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Vilva or Bael is a species of tree native to India. It is available most of the shiva temples. As per the purana the vilva was first planted in thirukadaiyur, TamilNadu. It is present throughout Southeast Asia as a naturalized species. It is the only member of the monotypic genus Aegle.

Bael occurs in dry forests on hills and plains of northern, central and southern India, southern Nepal, Sri Lanka, Myanmar, Pakistan, Bangladesh, Vietnam, Laos, Cambodia and Thailand. It is cultivated throughout India, as well as in Sri Lanka, the northern Malay Peninsula, Java, the Philippines, and Fiji.

The bael fruit has a smooth, woody shell with a green, gray, or yellow peel. It can reach the size of a large grapefruit or pomelo. The shell is so hard it must be cracked with a hammer or machete. The fibrous yellow pulp is very aromatic. Numerous hairy seeds are encapsulated in a slimy mucilage.

Bael fruit
The fruit is eaten fresh or dried. If fresh, the juice is strained and sweetened to make a drink similar to lemonade. It can be made into sharbat or bel pana , a refreshing drink made of the pulp with water, sugar, and lime juice, mixed, left to stand a few hours, strained, and put on ice. One large bael fruit may yield five or six liters of sharbat.

The Tamil / Malayalam Siddhars call the plant koovilam and use the fragrant leaves for medicinal purposes, including dyspepsia and sinusitis. A confection called ilakam is made of the fruit and used to treat tuberculosis and loss of appetite. It is used in Ayurveda for many purposes, especially chronic constipation.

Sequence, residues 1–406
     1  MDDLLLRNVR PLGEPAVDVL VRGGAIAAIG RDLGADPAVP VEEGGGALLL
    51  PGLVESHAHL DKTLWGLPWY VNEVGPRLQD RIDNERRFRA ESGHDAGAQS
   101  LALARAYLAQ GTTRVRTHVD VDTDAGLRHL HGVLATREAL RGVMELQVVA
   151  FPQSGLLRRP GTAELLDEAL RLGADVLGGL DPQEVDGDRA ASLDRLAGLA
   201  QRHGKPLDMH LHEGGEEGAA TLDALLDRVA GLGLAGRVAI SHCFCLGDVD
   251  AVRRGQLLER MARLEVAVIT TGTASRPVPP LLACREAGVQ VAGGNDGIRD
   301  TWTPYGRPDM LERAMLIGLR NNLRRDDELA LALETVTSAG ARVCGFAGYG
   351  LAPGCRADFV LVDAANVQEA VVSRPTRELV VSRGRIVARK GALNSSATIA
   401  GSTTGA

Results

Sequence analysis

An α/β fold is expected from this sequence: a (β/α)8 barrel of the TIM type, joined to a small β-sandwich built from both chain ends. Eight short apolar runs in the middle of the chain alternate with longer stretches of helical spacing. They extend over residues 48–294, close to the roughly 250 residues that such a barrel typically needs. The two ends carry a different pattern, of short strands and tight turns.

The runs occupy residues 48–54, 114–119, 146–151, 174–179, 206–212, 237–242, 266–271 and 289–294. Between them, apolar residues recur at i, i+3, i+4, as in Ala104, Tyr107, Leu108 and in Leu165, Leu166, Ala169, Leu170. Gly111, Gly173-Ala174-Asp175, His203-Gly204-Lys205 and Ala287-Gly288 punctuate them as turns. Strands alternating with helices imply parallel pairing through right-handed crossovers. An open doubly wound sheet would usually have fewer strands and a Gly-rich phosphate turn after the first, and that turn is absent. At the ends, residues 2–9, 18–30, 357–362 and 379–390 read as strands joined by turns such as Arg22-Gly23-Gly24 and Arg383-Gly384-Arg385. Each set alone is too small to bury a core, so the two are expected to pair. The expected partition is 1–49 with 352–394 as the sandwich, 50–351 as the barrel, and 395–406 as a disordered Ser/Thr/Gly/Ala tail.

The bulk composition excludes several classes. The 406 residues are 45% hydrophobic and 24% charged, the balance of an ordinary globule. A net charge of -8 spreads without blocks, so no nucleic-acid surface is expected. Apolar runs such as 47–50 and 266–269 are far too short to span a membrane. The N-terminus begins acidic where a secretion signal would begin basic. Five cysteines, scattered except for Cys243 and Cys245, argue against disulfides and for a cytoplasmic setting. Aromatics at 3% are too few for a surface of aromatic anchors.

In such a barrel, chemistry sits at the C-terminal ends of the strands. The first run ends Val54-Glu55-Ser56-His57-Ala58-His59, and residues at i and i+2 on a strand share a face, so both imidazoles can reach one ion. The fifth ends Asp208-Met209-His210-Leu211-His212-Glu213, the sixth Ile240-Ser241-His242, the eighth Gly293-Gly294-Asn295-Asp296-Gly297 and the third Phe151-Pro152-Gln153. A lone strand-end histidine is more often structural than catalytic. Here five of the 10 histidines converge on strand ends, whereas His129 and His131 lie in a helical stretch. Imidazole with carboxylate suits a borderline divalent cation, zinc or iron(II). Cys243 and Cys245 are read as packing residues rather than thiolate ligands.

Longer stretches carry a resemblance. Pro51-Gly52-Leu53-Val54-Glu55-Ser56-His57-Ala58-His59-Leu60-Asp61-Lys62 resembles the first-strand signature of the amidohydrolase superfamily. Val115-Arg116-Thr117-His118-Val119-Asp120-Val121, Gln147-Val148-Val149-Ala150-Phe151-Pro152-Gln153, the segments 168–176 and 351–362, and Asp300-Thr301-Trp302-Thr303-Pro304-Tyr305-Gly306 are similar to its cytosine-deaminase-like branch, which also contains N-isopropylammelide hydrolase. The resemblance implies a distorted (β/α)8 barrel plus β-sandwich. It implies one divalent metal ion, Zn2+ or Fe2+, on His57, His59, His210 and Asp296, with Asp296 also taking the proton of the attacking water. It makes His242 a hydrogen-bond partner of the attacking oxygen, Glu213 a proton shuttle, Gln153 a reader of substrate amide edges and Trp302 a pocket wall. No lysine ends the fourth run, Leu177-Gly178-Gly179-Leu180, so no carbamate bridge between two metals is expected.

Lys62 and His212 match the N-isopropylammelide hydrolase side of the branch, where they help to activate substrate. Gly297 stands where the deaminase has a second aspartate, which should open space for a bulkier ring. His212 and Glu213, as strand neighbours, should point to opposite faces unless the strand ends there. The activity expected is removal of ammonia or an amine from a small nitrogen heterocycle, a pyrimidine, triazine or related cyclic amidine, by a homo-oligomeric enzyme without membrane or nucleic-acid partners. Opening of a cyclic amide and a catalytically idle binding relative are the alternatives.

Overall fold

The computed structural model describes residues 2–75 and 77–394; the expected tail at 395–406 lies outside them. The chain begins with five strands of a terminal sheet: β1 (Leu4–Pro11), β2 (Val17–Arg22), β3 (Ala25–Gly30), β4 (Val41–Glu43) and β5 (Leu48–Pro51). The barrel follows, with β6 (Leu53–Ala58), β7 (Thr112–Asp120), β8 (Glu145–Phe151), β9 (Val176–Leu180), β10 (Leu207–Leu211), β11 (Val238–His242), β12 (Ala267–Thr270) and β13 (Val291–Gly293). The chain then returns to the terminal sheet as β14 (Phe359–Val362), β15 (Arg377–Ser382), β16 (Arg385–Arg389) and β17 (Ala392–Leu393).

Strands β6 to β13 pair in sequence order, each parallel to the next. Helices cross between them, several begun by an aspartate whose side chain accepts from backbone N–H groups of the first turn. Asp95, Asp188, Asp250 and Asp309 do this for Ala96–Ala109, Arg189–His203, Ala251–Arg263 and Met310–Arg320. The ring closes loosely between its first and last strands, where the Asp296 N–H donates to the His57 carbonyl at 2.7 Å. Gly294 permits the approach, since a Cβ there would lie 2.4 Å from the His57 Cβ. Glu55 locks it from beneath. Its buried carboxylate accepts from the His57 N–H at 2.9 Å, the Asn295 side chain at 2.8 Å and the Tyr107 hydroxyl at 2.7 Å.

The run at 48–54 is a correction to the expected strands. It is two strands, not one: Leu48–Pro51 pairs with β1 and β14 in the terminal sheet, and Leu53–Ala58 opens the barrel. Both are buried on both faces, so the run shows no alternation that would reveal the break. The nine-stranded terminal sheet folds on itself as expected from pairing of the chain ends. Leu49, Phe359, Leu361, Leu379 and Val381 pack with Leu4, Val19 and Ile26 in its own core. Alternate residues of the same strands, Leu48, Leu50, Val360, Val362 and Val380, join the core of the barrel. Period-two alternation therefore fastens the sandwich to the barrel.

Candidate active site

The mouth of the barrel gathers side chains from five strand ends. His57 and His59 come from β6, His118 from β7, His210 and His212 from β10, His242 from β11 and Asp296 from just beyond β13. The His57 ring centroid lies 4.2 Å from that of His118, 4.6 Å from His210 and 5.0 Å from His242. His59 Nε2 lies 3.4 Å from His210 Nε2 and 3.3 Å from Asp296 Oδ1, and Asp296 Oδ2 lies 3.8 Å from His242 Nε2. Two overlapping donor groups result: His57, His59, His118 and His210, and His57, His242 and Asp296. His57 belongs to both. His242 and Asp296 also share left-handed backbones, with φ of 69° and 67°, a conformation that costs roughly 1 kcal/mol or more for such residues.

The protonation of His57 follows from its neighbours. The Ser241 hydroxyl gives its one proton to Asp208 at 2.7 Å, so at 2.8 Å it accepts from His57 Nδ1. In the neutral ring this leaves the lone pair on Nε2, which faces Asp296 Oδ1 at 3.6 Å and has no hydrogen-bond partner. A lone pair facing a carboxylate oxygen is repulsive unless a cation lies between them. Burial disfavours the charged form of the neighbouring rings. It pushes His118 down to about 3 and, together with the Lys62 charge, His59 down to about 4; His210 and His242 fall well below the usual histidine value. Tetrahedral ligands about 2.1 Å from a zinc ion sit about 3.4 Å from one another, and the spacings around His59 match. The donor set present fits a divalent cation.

The fruit is also used in religious rituals. In Hinduism the tree is sacred. It is used in the worship of Shiva, who is said to favor the leaves. The trifoliate leaves symbolize the trident that Shiva holds in his right hand. The fruits were used in place of coconuts before large-scale rail transportation was available. The fruit is said to resemble a skull with a white, bone-like outer shell and a soft inner part, and is sometimes called seer phael (head-fruit). However, it is quite likely that, the term 'Seer Phal' has coined from the Sanskrit term 'ShreePhal, which again is a common name for this fruit. Many Hindus have bael trees in their courtyards.

In the traditional culture of Nepal, the bael tree is part of a fertility ritual for girls known as the Bel baha. Girls are "married" to the bael fruit and as long as the fruit is kept safe and never cracks the girl can never become widowed, even if her human husband dies. This was seen to be protection against the social disdain suffered by widows.vilva
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